IBM has been wading further into the medical fields over the past few years thanks to the strength of its cognitive computing division, especially the rise of Watson Health. Last year, we covered the news that Watson Health had picked up its first major corporate partner in Israeli generic medication developer Teva Pharmaceuticals (NYSE:TEVA). Near the end of May, IBM made a significant hire for its Watson Health division by bringing aboard Dr. Paul Tang, formerly the chief innovation officer (CIO) and chief technology officer (CTO) for the Palo Alto Medical Foundation. Watson Health already has grown its list of partnering consumer health developers including Johnson & Johnson (NYSE:JNJ) and Medtronic, Inc. (NYSE:MDT)

Groupon lawsuit calls IBM “a relic” but IBM R&D invests more than Groupon’s total revenues

Groupon’s complaint and spokespersons have been widely reported that labels IBM as a “dial-up dinosaur” and “a relic of once-great 20th Century technology firms” that is now resorting “to usurping the intellectual property of companies born this millennium.” But IBM spends $5 billion annual on R&D investment, which outpaced Groupon’s total 2015 revenues of $3.1 billion. It’s seems a tough argument to make that a tech firm that invests more money in R&D than the other company earns in a year is somehow a “relic” that is only “usurping” the innovation of this millennium.

How Artificial Intelligence Helps Lawyers Compete in today’s Data-driven World

The law waits for no one and neither does AI, which has already made a lasting impact in many areas of business, including the practice of law. Contracts, e-discovery and overall legal research have all changed thanks to AI, but as computers driven by ever-increasing processing power exhibit extraordinarily intelligent behavior we can only assume such advances are far from over. Whether within the enterprise, partners, customers, opposing litigants or elsewhere, legal assets cannot hide from the likes of Watson—or for that matter HAL—or other budding or to-be-conceived AI platforms… Despite paranoia and hyperbole surrounding AI since 2001: A Space Odyssey, intelligent computers will not take over the world, although that premise does make for exciting science fiction. While the rise of the machines is not something one should fear, AI systems and their architects have made significant strides in realizing learning machines that can adapt to dense, arcane legal terminology.

What should we do about Alice?

Showing a bowl of spaghetti on one of his first few PowerPoint slides set the tone. The law as it applies to software patent eligibility is a tangled mess. “The Supreme Court has continually taken cases in this area and rather than clarify they have continued to hang on,” Schecter explained referencing the fact that the Supreme Court seems committed to the belief that their 101 jurisprudence is consistent and reconcilable. Of course, that is not the case. “There are too many cases that conflict with each other.” He is right. Schecter would go on to say that we are at a point where a legislative fix seems necessary.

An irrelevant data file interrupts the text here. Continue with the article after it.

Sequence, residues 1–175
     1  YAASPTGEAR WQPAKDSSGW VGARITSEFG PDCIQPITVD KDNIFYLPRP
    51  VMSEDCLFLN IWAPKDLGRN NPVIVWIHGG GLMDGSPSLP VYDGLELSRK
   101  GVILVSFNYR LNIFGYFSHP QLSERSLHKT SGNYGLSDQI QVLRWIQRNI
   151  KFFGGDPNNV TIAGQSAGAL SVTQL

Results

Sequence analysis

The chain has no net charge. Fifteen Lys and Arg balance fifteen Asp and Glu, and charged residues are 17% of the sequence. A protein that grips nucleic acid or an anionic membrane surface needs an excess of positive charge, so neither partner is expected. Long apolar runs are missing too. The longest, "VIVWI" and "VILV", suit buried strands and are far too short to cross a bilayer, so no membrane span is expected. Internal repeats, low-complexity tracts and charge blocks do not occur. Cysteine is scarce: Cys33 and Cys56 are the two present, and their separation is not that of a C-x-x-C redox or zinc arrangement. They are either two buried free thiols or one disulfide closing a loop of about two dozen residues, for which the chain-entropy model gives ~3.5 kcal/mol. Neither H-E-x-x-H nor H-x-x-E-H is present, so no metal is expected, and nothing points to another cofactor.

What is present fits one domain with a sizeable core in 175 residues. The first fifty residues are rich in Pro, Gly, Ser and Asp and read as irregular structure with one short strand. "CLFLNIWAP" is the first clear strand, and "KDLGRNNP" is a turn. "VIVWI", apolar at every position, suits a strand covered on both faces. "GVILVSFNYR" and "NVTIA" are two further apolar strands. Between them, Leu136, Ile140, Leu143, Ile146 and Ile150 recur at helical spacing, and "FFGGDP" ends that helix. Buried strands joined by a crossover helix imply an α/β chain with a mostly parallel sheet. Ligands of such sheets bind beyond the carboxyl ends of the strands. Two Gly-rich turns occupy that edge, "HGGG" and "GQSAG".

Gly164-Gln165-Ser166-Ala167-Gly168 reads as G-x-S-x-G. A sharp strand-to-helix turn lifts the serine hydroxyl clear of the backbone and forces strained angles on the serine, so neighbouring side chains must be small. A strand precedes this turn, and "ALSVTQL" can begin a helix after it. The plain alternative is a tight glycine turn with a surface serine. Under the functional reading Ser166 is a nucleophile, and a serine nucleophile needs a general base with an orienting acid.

After Alice: Is New Legislation Needed? Before Alice: Was there a Precedent?

the Courts have found it difficult to use the Mayo two-part test in the examination of a patent’s validity thus creating great uncertainty… One should not confuse the uncertainty of the complex U.S. patent system with the clarity of the Alice decision. There is no reason to believe any new legislation will provide any improvement in deciding what should, and what should not, be patentable.

IBM hits torrid patent pace in Q1 2016, invents cloud management and automotive tech

2016 has gotten off to a strong start for the company as the patent portfolio analysis tools at Innography are showing us that IBM has already earned 1,927 U.S. patents through the first three months of this year. Not surprisingly, much of IBM’s patent activities have been focused on computing devices, data sets, computing environment, storage devices and data structures. Natural language technologies are another area where IBM has pursued recent innovative advances. Likewise, we note a trio of patents recently issued to IBM in automotive and related sectors, starting with the crash damage mitigation technology, technologies for communicating information between vehicles, and enhanced methods of traffic routing involving stoplight timing.

Federal Circuit Remands Reexaminations Based on Erroneous Claim Constructions

On March 10, 2016 the Federal Circuit sent two Patent Trial and Appeal Board (“PTAB” or “Board”) reexaminations back to the Patent Office. In proceedings initiated by IBM and SAS Institute Inc., the PTAB rejected claims for analyzing investment data in two patents owned by InvestPic LLC. The Board’s ruling turned upon two claim terms: (1) a “bias parameter” that determines a degree of randomness in sample selection in a resampling process”; and (2) “a statistical analysis request corresponding to two or more selected investments.”

Data center sector gets more crowded with names like IBM, Cisco, Microsoft and Qualcomm

The subsea data center operations will be cooled by the surrounding water and designs with turbines or tidal energy systems, which would further reduce electricity costs, have been considered. Although the data center’s aquatic environment is certainly a novel concept, the use of combined heat and power (CHP) plants to provide a cheap, dedicated power supply and temperature controls is being considered more often in recent months.